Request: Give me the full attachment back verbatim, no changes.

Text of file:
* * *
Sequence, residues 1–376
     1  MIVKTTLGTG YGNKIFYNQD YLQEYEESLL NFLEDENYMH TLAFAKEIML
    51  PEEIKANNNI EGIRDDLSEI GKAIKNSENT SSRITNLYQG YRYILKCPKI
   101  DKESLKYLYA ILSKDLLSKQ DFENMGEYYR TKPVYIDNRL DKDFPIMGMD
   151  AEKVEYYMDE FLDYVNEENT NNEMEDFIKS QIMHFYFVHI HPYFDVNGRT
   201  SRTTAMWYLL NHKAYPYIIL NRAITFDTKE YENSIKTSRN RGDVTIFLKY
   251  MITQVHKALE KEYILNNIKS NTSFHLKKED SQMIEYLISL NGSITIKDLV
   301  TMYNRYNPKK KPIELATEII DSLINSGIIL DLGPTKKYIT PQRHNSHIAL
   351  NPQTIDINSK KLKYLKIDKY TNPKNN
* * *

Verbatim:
Sequence, residues 1–376
     1  MIVKTTLGTG YGNKIFYNQD YLQEYEESLL NFLEDENYMH TLAFAKEIML
    51  PEEIKANNNI EGIRDDLSEI GKAIKNSENT SSRITNLYQG YRYILKCPKI
   101  DKESLKYLYA ILSKDLLSKQ DFENMGEYYR TKPVYIDNRL DKDFPIMGMD
   151  AEKVEYYMDE FLDYVNEENT NNEMEDFIKS QIMHFYFVHI HPYFDVNGRT
   201  SRTTAMWYLL NHKAYPYIIL NRAITFDTKE YENSIKTSRN RGDVTIFLKY
   251  MITQVHKALE KEYILNNIKS NTSFHLKKED SQMIEYLISL NGSITIKDLV
   301  TMYNRYNPKK KPIELATEII DSLINSGIIL DLGPTKKYIT PQRHNSHIAL
   351  NPQTIDINSK KLKYLKIDKY TNPKNN